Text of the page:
Yesterday on our Instagram feed, we posted the above photo taken by @gweets this past weekend during Chicago’s five-decade-old tradition of dying their river green for the festivities surrounding St. Patrick’s Day. One of our readers, Sarah Marder, asked us this question: “I can’t help but wonder what that does to the river’s eco-system. Do you know anything about it?” Well, for today’s Untapped Mailbag, we’ve dug up the inside scoop about how they dye the river as well as exactly how “green” or eco-friendly the practice actually is.
When the tradition began in 1961, the river dye was much too potent. They had used a plumber’s dye used to detect leaks of sewage pollution and it dyed the river green for one entire week. Adjusting the dosage of the dye, a disodium salt called fluorescein, the plumbers were able to detect the source of illegal waste disposal in the river, and it only stuck around for about a day. Environmentalists in 1966 found the dye to be toxic to goldfish species in the river, and the committee changed their dye to one that was “vegetable based.”
According to this Christian Science Monitor report, “the dye’s exact ingredients are a closely guarded secret. The parade committee compares the formula to that of Coca-Cola,” it would be like “telling where the leprechaun hides its gold.” Here is a video of some of the workers setting up for the parade in 2011:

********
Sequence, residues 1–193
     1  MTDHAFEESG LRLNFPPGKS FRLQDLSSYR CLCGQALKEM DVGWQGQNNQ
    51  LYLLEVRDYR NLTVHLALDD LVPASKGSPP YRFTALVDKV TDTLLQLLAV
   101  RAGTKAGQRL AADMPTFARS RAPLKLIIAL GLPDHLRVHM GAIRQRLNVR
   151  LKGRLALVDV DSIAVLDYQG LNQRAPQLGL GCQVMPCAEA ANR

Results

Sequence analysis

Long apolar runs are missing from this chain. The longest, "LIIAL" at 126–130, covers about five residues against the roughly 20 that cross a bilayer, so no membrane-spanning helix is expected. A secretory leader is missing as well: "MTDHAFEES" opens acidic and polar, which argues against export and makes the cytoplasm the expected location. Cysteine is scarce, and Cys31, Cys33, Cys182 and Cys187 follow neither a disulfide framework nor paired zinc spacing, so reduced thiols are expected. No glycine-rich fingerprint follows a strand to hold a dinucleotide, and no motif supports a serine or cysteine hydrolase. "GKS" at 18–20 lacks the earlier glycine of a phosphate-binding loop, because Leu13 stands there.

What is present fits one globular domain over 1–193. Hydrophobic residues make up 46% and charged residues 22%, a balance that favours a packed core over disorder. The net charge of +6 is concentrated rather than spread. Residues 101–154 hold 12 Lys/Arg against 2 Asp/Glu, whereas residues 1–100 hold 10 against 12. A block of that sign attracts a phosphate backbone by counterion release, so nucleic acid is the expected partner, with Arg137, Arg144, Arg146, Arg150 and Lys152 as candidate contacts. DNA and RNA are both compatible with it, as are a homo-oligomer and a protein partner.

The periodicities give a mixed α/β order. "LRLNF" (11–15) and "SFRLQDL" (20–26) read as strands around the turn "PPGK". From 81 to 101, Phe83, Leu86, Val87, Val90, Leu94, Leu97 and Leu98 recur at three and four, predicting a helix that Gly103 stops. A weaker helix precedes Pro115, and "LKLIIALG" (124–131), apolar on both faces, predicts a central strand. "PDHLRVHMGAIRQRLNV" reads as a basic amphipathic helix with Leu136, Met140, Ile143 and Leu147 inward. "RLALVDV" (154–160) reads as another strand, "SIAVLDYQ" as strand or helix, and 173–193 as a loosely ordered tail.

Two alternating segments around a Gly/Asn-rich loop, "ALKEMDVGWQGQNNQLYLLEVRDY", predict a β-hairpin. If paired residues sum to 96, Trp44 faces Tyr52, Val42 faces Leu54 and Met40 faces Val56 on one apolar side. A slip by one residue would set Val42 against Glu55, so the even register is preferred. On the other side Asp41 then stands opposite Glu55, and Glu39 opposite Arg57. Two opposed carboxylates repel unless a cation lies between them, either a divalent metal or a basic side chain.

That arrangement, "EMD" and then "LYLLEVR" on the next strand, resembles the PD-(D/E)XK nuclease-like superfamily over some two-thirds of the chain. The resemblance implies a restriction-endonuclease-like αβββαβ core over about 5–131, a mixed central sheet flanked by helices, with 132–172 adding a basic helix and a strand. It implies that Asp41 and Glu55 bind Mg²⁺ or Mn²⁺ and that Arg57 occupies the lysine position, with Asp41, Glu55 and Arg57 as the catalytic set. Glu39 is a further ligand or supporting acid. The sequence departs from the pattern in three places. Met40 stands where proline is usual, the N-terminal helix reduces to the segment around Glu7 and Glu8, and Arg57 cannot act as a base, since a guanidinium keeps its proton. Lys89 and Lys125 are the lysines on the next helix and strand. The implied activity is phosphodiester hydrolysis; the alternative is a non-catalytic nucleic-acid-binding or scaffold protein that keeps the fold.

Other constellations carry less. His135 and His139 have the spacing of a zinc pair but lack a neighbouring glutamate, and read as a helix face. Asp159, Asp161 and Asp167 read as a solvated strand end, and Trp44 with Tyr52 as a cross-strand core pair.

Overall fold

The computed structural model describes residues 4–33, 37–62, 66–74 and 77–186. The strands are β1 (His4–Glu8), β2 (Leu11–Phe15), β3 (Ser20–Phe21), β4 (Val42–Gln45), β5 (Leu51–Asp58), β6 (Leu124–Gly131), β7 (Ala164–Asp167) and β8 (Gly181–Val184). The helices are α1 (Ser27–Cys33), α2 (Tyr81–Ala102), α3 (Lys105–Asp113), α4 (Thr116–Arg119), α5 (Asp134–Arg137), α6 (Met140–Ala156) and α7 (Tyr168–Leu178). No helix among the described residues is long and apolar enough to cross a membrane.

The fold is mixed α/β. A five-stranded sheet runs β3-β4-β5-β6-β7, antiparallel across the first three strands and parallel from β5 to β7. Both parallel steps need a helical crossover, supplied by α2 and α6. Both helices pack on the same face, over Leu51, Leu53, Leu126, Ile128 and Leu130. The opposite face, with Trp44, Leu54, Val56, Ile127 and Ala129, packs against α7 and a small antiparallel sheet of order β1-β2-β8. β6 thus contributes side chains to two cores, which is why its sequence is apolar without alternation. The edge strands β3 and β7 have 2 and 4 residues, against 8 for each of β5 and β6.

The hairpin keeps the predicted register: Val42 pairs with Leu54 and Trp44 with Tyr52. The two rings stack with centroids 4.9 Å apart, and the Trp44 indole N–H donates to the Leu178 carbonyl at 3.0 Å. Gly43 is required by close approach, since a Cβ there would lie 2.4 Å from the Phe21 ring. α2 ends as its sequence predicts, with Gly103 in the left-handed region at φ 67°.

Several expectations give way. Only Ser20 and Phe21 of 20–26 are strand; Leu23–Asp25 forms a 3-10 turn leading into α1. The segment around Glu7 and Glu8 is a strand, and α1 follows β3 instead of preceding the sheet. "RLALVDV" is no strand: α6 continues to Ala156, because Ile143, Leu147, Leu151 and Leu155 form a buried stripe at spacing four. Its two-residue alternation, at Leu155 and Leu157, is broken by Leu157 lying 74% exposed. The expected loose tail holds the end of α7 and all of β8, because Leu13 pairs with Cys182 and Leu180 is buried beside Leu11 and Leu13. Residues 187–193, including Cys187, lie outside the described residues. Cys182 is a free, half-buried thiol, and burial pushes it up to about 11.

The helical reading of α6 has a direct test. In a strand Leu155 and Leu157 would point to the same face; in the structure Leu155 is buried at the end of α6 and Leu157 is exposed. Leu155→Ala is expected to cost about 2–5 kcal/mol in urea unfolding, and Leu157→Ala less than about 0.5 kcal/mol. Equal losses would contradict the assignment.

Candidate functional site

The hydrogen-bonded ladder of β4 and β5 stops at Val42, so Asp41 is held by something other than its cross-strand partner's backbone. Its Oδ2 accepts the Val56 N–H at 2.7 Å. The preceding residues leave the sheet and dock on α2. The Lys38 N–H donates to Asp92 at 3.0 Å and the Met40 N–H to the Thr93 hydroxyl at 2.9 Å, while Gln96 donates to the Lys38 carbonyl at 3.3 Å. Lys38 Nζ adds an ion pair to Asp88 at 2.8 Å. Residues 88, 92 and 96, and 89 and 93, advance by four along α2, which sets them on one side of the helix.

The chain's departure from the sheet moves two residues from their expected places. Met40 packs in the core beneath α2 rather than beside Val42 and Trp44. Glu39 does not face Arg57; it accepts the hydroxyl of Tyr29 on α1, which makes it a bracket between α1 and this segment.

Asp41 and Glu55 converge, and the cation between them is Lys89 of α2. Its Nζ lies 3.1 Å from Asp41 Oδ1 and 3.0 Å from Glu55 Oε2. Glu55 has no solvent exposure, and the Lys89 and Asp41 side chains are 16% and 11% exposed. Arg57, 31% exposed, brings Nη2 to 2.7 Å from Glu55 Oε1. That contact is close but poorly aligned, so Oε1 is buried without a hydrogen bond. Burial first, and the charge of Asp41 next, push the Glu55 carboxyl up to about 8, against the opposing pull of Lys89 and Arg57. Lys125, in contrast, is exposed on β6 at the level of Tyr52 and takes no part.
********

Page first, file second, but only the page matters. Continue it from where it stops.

CSM also reports that although the committee promises that the dye is not harmful to the Chicago River’s ecosystem, it is notable that other cities have rejected several plans to adopt the celebratory dying, including cities in Michigan and Florida. The final answer, it seems, is not so clear-cut. Although the environmentalists involved with the celebration swear by it, other cities are hesitant to dye their rivers in the same way.
A popular quote on Instagram photos from Saturday’s Chicago River St. Patrick’s Day Parade was: “If we can dye the river green 1 day out of the year, why can’t we dye it blue for the remainder of the year?” It seems several people, like Sarah, were thinking about the environment during the celebration. Thanks for your question.